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Can I turn a method which takes an implicit parameter into a function?

trait Tx

def foo(bar: Any)(implicit tx: Tx) {}

foo _ // error: could not find implicit value for parameter tx: Tx

I am trying to achieve the following, preferably if I can somehow make it work with the plain call withSelection(deleteObjects):

trait Test {      
  def atomic[A](fun: Tx => A): A

  def selection: Iterable[Any]

  def withSelection(fun: Iterable[Any] => Tx => Unit) {
    val sel = selection
    if (sel.nonEmpty) atomic { implicit tx =>
      fun(sel)(tx)
    }
  }

  object deleteAction {
    def apply() {
      withSelection(deleteObjects)  // !
    }
  }

  def deleteObjects(xs: Iterable[Any])(implicit tx: Tx): Unit
}

I found this question, however it does not deal with the lifting from methods to functions as far as I can see.

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up vote 5 down vote accepted

Implicits only work for methods. But you have to pass a function to withSelection. You can get around by wrapping the method in a function:

withSelection(a => b => deleteObjects(a)(b))

Its impossible to pass deleteObjects directly because foo _ does not work for a foo with an implicit parameter list defined.

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To the best of my knowledge, implicit resolution must take place at usage site, and cannot be curried away. My own moment of disappointment was when I was trying to work around ´ExecutionContext´ proliferation in my code.

One compromise I've been considering was:

type Async[A] = ExecutionContext => Future[A]

def countFiles(root: String): Async[Int] = implicit ec =>
  // ...

The ´implicit´ only holds within the function -- we have to compromise on invocation:

implicit class AsyncExt[A](async: Async[A]) {
  def invoke()(implicit ec: ExecutionContext) = async(ec)
}

implicit val ec = ...
countFiles("/").invoke()

Another compromise -- the one I chose and lived to regret:

class AsyncFileCounter(ec: ExecutionContext) {
  def countFiles(root: String): Future[A] = ...
}

class FileCounter {
  def async(implicit ec: ExecutionContext) = new AsyncFileCounter(ec)
}

This changes the usage from the naive (but desired):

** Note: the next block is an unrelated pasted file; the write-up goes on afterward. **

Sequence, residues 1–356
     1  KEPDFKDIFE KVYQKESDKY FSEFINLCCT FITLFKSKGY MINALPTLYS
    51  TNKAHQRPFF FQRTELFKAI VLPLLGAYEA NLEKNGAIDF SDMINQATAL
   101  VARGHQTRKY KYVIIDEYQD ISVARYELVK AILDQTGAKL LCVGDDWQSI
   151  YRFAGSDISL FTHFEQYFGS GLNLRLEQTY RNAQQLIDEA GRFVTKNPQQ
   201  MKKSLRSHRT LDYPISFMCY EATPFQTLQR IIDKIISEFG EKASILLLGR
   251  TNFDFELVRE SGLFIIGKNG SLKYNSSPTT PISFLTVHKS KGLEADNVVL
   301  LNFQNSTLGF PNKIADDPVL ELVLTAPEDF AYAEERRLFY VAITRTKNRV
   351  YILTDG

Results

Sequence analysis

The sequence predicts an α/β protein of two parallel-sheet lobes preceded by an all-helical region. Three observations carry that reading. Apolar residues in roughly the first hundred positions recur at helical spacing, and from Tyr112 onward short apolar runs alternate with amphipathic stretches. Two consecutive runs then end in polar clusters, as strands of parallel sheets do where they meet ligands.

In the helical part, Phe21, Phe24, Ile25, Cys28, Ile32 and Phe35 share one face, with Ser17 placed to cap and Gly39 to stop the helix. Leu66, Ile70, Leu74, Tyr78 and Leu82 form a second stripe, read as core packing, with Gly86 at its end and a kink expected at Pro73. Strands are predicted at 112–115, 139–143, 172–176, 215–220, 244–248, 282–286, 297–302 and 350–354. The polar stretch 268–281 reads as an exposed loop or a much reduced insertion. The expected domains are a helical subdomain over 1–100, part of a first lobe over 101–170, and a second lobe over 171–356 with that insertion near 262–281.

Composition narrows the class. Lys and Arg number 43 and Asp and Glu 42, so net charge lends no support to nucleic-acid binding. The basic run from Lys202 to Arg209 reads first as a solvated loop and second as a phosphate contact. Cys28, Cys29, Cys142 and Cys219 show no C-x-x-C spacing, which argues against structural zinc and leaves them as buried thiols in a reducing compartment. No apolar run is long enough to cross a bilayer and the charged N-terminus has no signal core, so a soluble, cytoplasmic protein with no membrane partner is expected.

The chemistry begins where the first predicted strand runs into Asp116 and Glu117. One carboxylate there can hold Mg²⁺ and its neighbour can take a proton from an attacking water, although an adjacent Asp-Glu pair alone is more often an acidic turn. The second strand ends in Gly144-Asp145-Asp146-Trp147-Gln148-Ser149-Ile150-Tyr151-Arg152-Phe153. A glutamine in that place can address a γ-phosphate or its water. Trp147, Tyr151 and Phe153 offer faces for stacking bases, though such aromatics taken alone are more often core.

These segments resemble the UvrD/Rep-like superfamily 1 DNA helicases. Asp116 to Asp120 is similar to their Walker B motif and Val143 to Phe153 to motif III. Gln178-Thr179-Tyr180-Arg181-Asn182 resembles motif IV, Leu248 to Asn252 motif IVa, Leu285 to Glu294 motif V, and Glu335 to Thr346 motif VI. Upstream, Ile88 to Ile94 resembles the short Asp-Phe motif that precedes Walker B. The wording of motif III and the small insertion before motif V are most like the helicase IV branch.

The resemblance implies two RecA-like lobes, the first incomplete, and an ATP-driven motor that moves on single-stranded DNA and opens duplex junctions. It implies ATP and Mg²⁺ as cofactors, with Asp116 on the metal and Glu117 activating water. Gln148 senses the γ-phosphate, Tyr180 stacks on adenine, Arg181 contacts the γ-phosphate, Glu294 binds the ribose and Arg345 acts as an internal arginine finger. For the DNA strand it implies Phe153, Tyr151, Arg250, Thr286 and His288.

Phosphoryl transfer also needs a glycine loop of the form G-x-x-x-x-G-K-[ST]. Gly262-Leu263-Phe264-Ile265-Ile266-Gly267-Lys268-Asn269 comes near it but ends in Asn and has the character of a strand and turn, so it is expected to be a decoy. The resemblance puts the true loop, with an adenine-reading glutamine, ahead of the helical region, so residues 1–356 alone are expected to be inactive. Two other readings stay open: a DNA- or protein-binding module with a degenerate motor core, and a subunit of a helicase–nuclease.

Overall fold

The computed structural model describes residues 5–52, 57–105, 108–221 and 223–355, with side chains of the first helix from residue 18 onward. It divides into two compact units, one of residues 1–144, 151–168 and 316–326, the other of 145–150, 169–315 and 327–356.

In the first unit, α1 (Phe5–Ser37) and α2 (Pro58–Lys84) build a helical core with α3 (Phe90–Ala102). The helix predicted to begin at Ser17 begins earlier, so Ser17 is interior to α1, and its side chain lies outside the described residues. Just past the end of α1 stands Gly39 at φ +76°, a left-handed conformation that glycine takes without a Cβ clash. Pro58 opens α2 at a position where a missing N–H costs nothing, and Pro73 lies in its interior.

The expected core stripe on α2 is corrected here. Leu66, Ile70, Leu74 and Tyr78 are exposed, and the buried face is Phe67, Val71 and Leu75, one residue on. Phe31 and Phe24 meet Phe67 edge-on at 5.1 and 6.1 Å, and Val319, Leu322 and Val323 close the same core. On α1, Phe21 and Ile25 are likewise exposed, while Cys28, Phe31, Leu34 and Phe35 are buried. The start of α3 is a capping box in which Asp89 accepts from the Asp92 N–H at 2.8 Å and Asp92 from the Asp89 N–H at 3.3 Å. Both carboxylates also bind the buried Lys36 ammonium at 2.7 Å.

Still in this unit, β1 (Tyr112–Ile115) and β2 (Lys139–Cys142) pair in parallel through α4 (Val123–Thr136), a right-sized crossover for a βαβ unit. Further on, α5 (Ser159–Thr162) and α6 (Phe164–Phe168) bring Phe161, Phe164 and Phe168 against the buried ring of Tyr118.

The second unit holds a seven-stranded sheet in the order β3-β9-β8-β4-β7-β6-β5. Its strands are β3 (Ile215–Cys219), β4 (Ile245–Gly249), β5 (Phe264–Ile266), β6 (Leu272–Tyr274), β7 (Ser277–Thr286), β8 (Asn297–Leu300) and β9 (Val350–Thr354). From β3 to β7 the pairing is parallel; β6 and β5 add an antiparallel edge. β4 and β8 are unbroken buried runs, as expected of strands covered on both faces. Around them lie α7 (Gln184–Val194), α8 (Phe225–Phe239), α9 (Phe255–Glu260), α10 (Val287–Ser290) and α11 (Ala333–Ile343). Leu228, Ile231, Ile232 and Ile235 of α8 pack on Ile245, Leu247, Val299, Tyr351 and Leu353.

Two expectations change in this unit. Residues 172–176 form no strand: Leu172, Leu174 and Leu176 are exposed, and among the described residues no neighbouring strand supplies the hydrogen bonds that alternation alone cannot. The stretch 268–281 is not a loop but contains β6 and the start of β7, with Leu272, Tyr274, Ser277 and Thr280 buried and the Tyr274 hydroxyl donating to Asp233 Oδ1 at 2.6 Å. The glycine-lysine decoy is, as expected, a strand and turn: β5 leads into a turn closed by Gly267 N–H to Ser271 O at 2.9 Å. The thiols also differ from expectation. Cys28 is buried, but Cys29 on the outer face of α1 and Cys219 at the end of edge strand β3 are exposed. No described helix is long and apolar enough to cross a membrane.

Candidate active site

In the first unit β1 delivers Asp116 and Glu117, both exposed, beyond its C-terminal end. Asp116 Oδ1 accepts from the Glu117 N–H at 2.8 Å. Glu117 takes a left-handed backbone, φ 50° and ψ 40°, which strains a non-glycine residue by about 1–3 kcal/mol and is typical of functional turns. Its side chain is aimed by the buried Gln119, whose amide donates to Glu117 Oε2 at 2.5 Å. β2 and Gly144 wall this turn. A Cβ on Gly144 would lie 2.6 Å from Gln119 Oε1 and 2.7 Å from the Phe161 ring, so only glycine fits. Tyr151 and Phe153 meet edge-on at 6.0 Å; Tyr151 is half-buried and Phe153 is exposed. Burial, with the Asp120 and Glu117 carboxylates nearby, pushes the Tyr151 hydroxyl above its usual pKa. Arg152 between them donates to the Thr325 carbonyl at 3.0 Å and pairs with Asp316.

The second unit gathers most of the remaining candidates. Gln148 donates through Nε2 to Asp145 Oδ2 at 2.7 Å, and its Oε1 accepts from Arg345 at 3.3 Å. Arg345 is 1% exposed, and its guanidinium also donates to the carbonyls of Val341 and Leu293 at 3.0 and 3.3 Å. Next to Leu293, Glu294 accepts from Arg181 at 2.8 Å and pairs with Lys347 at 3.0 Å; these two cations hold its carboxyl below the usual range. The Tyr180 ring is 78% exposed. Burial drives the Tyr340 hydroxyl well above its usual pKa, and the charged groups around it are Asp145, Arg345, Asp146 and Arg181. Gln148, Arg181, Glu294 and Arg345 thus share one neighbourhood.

implicit val ec = ...
val counter = new FileCounter
counter.countFiles("/") // <-- nope

To the following:

implicit val ec = ...
val counter = new FileCounter
counter.async.countFiles("/") // yep!

Depending on your context, this could be bearable. You could add a ´def transactional´ where I used ´def async´.

I do regret this however, as it complicates inheritance, and incurs some allocation overhead (though that should be JITed away).

Bottom line is that you'll have to come up with a more explicit piecemeal method of invoking your function -- one that is less elegant than currying alone.

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2  
About your second case (i.e. FileCounter), couldn't you define an implicit conversion implicit def counterToAsync(c: FileCounter): AsyncFileCounter = c.async so you can once again counter.countFiles("/") ? – pagoda_5b Jun 8 '13 at 10:53
    
Nice! In my case the implicit conversion will be defeated by synchronous methods with similar signatures that exist on the containing object. However, it's definitely a good boilerplate workaround! I really need to verify that escape analysis really does eliminate the heap allocation for the Async object, though. – nadavwr Jun 8 '13 at 20:29
    
I'd say that synchronous methods would have a different signature, since they won't return a Future[A] but simply an A, so the compiler can tell you that. You should simply delimit scopes where you need the async call and import the implicit conversion there. As for avoiding heap allocation I can't bet on that... – pagoda_5b Jun 8 '13 at 22:13
    
Alas, Scala does not support method overloading based solely on return values. Nonetheless, the implicit conversion you suggested can be useful in many cases. Regarding heap allocation -- once JIT determines that the 'Async' object never leaves the stack frame (which it shouldn't), then JIT will make sure it will allocate to stack only instead of heap. – nadavwr Jun 9 '13 at 1:26
    
Thanks for the explanation – pagoda_5b Jun 10 '13 at 8:30

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